Magazine article The Spectator

The Question That Must Be Answered before the Telegraph Civil War Can Come to an End

Magazine article The Spectator

The Question That Must Be Answered before the Telegraph Civil War Can Come to an End

Article excerpt

Since I wrote last week about the Thatcher-Portillo affair, there have been several fascinating developments, and a great deal more ink has been spilt on the matter. Readers will recall that the Sunday Telegraph had suggested in its front-page splash on 15 July that Lady Thatcher was supporting Michael Portillo in the Tory leadership contest, only to have its story almost immediately denied by the Lady herself.

Now Charles Powell, identified by myself and others as the Sunday Telegraph's source, has told the London Evening Standard that he played no such role. At the same time it has been reported by two other newspapers that there exists a tape in which Lord Powell can be heard suggesting that Lady Thatcher does favour Mr Portillo. Most interesting of all, a theory has emerged that the Baroness did back Mr P. until the moment she saw the story. According to this view, she changed her mind about the Spanish One not over a period of several weeks, as I suggested in my piece last week, but within a few hours. The Sunday Telegraph is thereby acquitted of any error. What it published was absolutely true at the time.

This theory lurked in the shadows all last week, having being touted by assiduous Sunday Telegraph spin doctors. It emerged in its full glory in a column in Monday's Guardian by my esteemed colleague, and our old friend, Roy Campbell-Greenslade. Roy hypothesised that Lady Thatcher had second thoughts about her backing for Mr Portillo when she saw the Sunday Telegraph story. By way of embellishment, he came up with the idea that she was persuaded to change her mind by Charles Moore, her prospective biographer and editor of the Daily Telegraph - and fan of lain Duncan Smith. This notion, though unsupported by the slightest fragment of evidence, was plainly designed to do down Mr Moore. It suggests that he engages in politics when he should simply be writing about them. More damaging still, it fingers him as a Machiavellian schemer. For in the issue of Monday 16 July - a day after the Sunday Telegraph splash - the Daily Telegraph's first leader chided its sibling for publishing a 'false' story that had been denied by Lady Thatcher's office. Roy is saying that Mr Moore criticised the Sunday Telegraph (and by implication its editor, Dominic Lawson) for running a story he knew had been true.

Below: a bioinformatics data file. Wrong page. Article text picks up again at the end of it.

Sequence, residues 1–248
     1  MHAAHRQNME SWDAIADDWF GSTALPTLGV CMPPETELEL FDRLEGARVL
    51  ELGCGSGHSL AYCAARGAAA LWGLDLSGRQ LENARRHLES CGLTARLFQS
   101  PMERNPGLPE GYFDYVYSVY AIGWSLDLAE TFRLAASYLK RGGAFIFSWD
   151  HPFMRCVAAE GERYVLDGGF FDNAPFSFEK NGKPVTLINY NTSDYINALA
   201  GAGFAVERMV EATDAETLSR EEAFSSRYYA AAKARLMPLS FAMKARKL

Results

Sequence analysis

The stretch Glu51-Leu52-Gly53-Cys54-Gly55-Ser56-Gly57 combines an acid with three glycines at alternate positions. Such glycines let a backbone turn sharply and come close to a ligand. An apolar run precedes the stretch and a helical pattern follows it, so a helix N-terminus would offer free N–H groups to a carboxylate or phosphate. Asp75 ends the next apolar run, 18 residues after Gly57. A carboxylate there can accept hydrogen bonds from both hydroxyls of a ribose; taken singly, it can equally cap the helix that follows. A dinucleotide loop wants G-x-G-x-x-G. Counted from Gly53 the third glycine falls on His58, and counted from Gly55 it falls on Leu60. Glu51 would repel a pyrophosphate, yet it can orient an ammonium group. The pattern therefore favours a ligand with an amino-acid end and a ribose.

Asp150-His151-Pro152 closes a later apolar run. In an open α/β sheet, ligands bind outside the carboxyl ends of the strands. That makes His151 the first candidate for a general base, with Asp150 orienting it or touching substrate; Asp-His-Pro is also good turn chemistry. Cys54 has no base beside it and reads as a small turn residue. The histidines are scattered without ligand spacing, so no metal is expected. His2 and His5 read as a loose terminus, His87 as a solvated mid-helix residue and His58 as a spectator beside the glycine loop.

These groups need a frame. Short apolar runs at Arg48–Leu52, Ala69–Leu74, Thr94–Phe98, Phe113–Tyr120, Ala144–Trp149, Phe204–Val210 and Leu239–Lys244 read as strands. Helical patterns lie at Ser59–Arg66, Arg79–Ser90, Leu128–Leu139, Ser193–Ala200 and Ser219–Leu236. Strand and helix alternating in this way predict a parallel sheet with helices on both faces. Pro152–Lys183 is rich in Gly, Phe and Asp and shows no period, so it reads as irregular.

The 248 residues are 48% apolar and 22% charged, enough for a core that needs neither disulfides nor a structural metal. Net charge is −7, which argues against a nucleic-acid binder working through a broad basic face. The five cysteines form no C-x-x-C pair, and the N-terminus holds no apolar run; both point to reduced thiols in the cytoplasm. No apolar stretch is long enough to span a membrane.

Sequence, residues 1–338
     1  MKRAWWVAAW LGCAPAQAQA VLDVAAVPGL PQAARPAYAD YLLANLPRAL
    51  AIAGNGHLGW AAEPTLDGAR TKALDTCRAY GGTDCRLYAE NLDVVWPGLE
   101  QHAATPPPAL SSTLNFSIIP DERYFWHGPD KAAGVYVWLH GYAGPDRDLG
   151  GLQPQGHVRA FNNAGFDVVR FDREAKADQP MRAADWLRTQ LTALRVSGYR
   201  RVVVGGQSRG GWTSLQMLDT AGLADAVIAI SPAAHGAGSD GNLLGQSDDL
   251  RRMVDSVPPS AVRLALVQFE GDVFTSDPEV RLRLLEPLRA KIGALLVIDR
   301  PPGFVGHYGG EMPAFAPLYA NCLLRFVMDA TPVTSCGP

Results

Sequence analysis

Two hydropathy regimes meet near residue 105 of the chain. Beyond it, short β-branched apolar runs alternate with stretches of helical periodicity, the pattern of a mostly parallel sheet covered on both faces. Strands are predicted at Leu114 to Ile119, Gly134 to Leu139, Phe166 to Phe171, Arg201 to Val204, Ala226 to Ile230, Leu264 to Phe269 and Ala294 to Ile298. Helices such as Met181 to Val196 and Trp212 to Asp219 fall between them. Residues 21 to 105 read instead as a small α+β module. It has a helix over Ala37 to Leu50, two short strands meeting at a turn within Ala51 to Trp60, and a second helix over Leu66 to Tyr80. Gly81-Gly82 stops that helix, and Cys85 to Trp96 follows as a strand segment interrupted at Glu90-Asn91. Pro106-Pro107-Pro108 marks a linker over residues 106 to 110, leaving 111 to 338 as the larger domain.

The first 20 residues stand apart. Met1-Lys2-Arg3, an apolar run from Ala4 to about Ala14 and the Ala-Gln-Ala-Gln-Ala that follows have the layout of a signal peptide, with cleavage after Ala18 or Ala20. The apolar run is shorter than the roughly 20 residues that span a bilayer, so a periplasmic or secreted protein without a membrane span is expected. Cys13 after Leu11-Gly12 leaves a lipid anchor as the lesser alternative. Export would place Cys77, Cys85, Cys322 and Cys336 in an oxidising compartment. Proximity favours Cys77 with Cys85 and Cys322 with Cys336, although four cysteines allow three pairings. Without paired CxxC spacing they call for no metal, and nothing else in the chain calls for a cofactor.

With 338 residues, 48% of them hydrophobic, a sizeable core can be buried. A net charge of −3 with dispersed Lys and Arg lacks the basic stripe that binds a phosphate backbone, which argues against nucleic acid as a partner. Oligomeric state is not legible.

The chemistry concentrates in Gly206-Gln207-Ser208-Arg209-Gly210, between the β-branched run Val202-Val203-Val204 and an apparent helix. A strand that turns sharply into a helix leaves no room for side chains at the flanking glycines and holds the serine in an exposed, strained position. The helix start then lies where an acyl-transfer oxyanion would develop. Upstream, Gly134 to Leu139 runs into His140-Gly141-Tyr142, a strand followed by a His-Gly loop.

Whether Roy Campbell-Greenslade dreamt up the smear himself, or had it implanted in his fertile brain by someone at the Sunday Telegraph, I will leave others to conjecture. But it is pure junk, as Dan Colson, the Telegraph chief executive, suggested in a letter to Wednesday's Guardian. How do I know? Partly because Mr Moore denies having persuaded Lady Thatcher to change her mind, and I know him to be a man of honour. Partly because Lady Thatcher's office tells me that the Baroness did not speak to Mr Moore until later on Sunday - after she had issued her denial of the Sunday Telegraph splash. And partly - in case all this is not enough for Roy and his informants - because Lady Thatcher's mind was already made up. She did not support Michael Portillo on that Saturday afternoon, as has been preposterously alleged, so she had no need of a persuader on Sunday morning.

It is astonishing how this simple fact has been obscured by all the spinning. I have spoken to three different sources, all of whom discussed Tory politics with Lady Thatcher in the two weeks before the Sunday Telegraph splash, and they are adamant that she was privately supporting lain Duncan Smith during this period. …

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